The United Nations has announced that it has selected UNU-WIDER’s Development Under Climate Change (DUCC) project as ‘one to watch’ in its ‘Big Data Climate Challenge’ that is part of the build up to the UN Secretary-General’s Climate Summit on 23 September 2014 at UN Headquarters, New York.
The Big Data Climate Challenge is a global competition hosted by United Nations Global Pulse. The Challenge was launched in May 2014 to unearth fresh evidence of the economic dimensions of climate change around the world using data and analytics. Submissions were received from 40 countries, representing more than 20 topics from forestry, biodiversity, and transportation to renewable energy and green data centers. The ‘Projects to Watch’—chosen to highlight particularly innovative uses of big data in emerging topics and geographic regions—will be featured on the UN Climate Summit website.
Climate change is likely to remain a serious issue for decades to come if not indefinitely. One of the key tasks for assisting policy makers in developing countries address the uncertainties of climate change is translating scientific and biophysical processes into economic outcomes. UNU-WIDER’s Development Under Climate Change (DUCC) project is particularly aimed at addressing this challenge by using an analytical framework that traces the economic implications of climate change.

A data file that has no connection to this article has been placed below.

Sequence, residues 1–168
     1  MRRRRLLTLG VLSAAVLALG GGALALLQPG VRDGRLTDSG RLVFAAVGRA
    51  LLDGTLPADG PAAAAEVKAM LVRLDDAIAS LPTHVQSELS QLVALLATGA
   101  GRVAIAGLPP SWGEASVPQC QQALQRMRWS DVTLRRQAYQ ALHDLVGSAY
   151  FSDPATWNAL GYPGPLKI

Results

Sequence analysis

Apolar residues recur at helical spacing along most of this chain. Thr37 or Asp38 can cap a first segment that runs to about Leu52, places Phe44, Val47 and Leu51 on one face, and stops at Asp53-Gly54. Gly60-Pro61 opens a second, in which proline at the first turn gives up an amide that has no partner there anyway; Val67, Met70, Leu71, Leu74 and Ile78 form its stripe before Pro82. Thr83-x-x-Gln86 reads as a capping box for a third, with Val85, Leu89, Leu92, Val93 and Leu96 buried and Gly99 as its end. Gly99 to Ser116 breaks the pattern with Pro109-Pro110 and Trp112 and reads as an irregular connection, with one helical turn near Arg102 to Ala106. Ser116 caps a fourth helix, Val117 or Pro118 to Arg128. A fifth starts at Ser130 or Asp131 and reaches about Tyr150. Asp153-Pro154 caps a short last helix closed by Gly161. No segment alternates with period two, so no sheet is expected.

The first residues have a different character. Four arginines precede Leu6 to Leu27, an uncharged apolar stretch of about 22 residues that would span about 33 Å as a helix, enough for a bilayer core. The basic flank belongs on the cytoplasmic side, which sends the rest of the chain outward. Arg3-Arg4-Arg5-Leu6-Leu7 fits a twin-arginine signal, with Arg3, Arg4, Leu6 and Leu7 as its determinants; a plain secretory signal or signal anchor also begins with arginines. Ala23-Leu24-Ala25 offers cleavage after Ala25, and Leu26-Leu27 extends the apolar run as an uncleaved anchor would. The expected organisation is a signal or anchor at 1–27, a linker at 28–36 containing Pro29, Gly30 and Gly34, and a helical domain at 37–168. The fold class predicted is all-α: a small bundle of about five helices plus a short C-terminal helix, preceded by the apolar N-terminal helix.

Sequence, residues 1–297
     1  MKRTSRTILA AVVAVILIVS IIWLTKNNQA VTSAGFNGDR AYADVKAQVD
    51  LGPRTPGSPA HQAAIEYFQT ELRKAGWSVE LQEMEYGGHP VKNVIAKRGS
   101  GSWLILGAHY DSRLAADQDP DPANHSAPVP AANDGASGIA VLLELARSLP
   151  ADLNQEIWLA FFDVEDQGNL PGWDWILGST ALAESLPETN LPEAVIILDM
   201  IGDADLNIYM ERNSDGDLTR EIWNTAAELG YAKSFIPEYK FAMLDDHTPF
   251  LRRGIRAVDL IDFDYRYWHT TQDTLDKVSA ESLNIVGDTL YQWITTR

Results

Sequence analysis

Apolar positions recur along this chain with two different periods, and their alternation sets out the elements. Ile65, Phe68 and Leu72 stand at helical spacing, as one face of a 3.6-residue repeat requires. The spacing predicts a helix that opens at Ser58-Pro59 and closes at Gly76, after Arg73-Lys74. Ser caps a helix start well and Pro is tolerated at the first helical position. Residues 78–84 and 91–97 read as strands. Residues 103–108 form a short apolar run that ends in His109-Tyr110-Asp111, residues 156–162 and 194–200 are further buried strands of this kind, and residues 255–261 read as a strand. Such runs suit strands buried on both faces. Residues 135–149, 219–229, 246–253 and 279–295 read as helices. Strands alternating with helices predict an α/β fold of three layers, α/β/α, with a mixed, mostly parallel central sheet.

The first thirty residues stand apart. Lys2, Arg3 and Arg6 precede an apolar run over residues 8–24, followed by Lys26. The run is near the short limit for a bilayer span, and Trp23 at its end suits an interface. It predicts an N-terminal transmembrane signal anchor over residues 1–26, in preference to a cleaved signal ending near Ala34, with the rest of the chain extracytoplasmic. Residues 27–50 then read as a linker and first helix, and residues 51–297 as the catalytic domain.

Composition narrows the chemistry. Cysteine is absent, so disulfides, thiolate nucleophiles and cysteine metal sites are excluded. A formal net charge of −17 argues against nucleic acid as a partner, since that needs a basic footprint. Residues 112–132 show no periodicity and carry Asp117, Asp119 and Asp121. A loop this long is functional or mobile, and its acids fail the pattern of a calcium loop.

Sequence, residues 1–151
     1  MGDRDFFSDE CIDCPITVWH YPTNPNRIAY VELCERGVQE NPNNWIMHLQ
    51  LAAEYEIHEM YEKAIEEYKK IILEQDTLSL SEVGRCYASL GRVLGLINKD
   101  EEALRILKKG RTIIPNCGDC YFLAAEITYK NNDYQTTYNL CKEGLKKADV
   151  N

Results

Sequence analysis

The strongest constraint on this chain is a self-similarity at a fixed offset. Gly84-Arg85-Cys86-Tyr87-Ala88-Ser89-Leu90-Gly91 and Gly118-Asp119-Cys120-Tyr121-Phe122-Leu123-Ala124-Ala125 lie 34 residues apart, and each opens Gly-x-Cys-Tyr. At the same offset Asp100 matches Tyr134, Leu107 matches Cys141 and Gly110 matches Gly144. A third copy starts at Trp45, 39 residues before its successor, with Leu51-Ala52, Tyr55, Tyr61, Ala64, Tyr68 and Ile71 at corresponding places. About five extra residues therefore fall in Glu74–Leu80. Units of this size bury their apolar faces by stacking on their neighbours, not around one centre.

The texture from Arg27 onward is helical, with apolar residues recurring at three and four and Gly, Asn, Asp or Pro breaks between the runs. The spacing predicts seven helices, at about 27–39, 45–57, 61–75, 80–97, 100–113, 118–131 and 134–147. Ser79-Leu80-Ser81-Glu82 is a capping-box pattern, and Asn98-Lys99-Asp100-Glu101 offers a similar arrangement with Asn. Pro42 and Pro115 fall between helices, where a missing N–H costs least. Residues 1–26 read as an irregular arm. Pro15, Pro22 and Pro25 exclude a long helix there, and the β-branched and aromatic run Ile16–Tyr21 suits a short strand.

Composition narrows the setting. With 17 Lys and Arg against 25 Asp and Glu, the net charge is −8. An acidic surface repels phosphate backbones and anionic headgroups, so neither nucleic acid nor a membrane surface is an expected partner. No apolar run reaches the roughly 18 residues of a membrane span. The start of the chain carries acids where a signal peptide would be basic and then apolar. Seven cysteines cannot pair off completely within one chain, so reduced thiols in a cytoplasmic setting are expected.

The framework used in the project takes into account a wide range of factors including production of hydropower, agricultural yield, water supply/demand balance, and the costs of maintaining infrastructure. These impacts then serve as inputs into an economy-wide model of the country in question which aids the assessment of economic impacts and policy options.
UNU-WIDER has applied this framework to several countries, these case studies can be read here. The submission to the UN’s Big Data Climate Challenge focussed on the case of South Africa, analysis of which has been carried out in collaboration with the Long-Term Adaptation Strategies (LTAS) process undertaken by the government of South Africa.
This research produced numerous interesting results:
The median result shows that by 2050 South Africa’s real GDP level will be about 1.5% lower than it would have been without climate change
The median loss in net present value is approximately ZAR259 billion which, at more than 10% of 2007 GDP, is sizeable
The high level of development and integration of South African water supply infrastructure helps to mitigate impact of climate change on water supply in most regions—maintaining/improving this infrastructure is an important policy priority